How JustAnswer Works:
  • Ask an Expert
    Experts are full of valuable knowledge and are ready to help with any question. Credentials confirmed by a Fortune 500 verification firm.
  • Get a Professional Answer
    Via email, text message, or notification as you wait on our site.
    Ask follow up questions if you need to.
  • 100% Satisfaction Guarantee
    Rate the answer you receive.
Ask CalAttorney2 Your Own Question
CalAttorney2, Lawyer
Category: Real Estate Law
Satisfied Customers: 10221
Experience:  I am a civil litigation attorney with experience representing HOAs, homeowners, businesses and others in real estate matters.
Type Your Real Estate Law Question Here...
CalAttorney2 is online now
A new question is answered every 9 seconds

Neighbor owns "all of section 9", most of which is in the

Customer Question

Neighbor owns "all of section 9", most of which is in the lake. My property description travels down that section line to a marker which is about at high water on the beach, and then runs "100' feet along the shore of the lake." Can I claim riparian rights from that marker and out into the water at that angle?
Submitted: 1 month ago.
Category: Real Estate Law
Expert:  CalAttorney2 replied 1 month ago.

Dear Customer,
Thank you for using our forum. My name is ***** ***** I hope to assist you today.

Expert:  CalAttorney2 replied 1 month ago.

Please keep in mind, this is a "general information forum" and does not substitute for a formal evaluation or opinion of your specific property rights (you need a local attorney for that information/opinion).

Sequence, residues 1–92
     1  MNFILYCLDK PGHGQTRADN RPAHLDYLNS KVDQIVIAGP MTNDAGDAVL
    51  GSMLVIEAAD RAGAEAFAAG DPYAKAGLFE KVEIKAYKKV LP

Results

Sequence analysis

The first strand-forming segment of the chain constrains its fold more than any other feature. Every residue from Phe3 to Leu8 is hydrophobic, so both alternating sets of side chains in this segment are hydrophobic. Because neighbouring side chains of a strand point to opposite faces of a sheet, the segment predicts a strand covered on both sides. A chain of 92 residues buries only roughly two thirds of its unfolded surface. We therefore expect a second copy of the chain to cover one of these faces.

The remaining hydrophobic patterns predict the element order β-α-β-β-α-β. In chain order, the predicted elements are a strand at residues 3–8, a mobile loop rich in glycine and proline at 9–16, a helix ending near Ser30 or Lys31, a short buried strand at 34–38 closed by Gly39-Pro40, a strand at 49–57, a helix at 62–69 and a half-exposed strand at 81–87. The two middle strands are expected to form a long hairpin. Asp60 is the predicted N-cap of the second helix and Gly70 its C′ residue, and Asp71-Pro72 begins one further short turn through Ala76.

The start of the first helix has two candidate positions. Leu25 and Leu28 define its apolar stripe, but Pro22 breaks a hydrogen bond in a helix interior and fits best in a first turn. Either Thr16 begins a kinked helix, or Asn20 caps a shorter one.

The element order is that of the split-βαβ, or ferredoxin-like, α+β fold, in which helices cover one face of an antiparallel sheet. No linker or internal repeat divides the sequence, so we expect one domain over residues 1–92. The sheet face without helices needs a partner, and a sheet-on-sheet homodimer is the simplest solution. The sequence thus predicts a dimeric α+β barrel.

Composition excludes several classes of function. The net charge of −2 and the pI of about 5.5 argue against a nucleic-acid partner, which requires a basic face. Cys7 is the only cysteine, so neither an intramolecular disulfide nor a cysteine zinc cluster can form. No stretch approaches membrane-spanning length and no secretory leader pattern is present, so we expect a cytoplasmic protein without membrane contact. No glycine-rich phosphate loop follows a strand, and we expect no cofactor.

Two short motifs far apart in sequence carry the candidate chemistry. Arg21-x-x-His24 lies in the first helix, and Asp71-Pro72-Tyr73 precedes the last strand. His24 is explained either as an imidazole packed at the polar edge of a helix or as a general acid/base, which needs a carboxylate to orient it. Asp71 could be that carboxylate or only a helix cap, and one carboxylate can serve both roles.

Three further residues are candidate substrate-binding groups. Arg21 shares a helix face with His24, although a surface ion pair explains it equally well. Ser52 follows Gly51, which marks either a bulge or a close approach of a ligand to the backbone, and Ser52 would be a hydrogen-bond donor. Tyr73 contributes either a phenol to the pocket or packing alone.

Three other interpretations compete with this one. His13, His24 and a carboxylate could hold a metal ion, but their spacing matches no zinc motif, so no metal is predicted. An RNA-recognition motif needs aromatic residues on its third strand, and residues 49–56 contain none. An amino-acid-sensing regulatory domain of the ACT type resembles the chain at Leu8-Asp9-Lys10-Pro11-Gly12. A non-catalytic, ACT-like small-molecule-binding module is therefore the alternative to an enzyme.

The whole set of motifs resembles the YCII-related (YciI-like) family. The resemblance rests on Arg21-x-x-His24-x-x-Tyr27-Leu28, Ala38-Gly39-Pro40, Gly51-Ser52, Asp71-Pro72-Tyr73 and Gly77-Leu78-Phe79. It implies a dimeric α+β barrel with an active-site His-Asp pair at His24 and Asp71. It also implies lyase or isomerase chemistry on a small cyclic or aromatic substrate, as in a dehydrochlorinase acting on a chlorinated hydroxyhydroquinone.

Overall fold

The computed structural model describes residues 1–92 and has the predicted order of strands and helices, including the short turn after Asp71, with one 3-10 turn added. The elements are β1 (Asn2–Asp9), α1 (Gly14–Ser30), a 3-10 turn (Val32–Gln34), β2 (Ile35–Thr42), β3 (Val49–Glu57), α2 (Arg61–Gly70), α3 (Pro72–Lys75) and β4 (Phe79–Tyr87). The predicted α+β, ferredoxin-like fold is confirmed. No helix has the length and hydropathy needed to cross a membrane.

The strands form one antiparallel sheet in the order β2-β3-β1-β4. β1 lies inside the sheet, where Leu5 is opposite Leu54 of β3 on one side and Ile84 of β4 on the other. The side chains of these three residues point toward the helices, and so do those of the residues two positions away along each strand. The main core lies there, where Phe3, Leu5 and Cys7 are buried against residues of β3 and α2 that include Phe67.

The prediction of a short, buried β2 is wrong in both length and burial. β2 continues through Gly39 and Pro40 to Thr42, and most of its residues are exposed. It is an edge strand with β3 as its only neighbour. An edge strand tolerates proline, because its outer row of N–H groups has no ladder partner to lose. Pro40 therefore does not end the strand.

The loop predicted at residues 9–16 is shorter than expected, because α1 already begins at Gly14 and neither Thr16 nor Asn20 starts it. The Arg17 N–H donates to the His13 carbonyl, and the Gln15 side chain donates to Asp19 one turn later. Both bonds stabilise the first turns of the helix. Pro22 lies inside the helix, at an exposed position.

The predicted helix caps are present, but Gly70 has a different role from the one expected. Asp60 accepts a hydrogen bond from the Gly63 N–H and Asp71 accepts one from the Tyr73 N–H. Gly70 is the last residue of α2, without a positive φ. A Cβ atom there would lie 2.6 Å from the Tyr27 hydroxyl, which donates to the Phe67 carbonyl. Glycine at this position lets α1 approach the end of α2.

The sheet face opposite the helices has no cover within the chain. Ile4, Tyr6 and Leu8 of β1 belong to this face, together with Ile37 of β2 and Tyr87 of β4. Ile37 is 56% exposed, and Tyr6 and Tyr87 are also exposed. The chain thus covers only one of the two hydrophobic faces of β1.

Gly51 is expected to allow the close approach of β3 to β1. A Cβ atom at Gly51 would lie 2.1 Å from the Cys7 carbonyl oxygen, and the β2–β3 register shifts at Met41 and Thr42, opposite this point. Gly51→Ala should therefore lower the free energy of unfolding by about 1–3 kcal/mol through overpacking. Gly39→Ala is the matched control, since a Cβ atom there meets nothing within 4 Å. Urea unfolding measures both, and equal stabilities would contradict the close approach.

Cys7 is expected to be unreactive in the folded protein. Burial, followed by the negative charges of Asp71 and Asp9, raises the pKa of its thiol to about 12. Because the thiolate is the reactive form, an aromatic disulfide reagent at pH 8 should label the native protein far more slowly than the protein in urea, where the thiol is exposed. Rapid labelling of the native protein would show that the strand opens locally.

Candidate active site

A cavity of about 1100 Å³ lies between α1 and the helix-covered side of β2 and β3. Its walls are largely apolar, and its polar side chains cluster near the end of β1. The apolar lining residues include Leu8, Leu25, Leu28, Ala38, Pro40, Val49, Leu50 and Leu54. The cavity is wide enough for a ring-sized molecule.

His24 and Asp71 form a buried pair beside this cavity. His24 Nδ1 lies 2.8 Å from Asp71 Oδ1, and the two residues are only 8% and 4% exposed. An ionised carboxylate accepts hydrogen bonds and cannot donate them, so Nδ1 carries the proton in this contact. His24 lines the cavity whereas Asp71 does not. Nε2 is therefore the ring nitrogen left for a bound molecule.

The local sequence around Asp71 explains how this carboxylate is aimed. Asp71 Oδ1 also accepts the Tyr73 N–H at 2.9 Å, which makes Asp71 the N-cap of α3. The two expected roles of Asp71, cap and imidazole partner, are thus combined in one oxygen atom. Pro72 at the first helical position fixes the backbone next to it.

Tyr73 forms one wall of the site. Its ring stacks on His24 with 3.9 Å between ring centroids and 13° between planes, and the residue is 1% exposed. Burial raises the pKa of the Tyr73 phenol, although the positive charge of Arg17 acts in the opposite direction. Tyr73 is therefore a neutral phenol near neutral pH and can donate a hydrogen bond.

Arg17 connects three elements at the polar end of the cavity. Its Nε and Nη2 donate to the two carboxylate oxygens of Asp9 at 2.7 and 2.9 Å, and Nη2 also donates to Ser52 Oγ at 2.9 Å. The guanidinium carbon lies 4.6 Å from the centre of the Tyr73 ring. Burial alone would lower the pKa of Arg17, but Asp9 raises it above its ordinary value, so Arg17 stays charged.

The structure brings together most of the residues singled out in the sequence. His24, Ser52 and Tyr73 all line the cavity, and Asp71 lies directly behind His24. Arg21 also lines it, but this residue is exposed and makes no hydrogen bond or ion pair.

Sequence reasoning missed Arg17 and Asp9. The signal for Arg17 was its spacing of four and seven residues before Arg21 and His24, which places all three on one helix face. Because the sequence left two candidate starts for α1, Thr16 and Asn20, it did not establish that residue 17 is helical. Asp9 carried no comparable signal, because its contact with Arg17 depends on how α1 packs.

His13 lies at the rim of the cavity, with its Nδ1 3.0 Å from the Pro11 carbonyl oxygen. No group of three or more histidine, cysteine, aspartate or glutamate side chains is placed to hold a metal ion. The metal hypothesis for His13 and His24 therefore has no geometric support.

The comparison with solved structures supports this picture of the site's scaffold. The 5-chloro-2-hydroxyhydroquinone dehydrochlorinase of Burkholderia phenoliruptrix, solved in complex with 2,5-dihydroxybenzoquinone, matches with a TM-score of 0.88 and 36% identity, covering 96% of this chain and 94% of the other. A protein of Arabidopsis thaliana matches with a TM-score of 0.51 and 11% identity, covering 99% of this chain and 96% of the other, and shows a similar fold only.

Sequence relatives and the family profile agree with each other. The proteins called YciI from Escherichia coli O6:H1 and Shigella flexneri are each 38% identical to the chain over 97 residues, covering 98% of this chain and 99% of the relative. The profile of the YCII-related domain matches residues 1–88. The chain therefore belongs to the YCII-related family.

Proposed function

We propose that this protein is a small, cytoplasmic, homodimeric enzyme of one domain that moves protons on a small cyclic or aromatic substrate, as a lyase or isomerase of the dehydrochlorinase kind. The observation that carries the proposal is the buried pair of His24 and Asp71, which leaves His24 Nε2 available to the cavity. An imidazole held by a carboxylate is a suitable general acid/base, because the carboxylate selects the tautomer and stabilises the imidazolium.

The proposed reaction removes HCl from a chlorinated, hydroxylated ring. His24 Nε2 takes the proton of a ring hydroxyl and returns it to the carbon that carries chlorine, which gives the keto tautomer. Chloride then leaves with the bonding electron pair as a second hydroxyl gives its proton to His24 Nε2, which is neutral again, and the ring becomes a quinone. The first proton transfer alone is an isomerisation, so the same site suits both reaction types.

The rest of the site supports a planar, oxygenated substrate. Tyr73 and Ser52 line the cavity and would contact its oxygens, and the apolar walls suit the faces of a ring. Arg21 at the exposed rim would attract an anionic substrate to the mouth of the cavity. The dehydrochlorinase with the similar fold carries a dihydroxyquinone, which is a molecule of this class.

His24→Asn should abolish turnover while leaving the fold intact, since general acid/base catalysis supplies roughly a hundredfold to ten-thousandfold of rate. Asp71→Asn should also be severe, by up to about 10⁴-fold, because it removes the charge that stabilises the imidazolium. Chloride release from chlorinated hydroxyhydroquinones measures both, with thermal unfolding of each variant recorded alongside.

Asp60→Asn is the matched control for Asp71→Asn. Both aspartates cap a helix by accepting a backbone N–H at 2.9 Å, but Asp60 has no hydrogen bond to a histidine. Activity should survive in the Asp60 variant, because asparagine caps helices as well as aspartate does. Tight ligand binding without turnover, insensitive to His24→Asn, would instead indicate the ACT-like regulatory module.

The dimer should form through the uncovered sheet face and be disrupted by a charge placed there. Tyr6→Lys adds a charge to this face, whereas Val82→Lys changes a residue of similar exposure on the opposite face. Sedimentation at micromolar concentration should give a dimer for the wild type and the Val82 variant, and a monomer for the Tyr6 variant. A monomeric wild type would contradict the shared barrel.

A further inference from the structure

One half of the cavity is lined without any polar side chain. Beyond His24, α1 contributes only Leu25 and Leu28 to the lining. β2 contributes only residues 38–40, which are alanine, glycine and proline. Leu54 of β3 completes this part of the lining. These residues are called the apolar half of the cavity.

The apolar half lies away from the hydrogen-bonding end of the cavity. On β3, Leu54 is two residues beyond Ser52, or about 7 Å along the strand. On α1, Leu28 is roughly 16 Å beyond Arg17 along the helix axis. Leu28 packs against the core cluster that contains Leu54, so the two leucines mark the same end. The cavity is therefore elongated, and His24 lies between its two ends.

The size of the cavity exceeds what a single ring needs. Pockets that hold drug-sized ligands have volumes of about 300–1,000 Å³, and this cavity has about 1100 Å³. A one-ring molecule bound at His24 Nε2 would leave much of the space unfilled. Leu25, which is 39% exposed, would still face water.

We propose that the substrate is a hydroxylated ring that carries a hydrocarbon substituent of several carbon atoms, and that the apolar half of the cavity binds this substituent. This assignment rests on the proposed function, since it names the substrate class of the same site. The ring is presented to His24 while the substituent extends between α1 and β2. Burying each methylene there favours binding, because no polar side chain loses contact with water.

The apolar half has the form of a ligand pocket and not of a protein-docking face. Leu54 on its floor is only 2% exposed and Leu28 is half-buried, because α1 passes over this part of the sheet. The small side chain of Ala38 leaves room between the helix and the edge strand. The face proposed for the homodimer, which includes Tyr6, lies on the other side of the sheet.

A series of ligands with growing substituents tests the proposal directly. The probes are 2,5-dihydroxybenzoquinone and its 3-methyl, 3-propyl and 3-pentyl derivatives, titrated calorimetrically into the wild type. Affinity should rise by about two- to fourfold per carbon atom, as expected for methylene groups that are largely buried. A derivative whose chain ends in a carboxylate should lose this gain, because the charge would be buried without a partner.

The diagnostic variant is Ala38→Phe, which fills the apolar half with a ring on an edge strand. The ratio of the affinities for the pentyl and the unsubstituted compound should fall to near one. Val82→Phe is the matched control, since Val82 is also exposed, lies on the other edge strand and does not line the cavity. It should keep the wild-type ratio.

Yes, riparian rights should apply to the property based on your description. You can find information and supporting legal authorities from Michigan in this publication:

While you can certainly litigate this matter with your aggressive neighbor, Short of filing a lawsuit, you can try to mediate the dispute with them - contact your local bar association and request referrals to mediators, a third party neutral can often help you reach a mutually agreeable resolution. Use the bar association's referrals to contact a mediator or two, the mediator will then contact the other party to set up a mediation session, and you can go from there - hopefully resulting in a formal or written settlement agreement, and save yourself the time and expense of litigation.

Related Real Estate Law Questions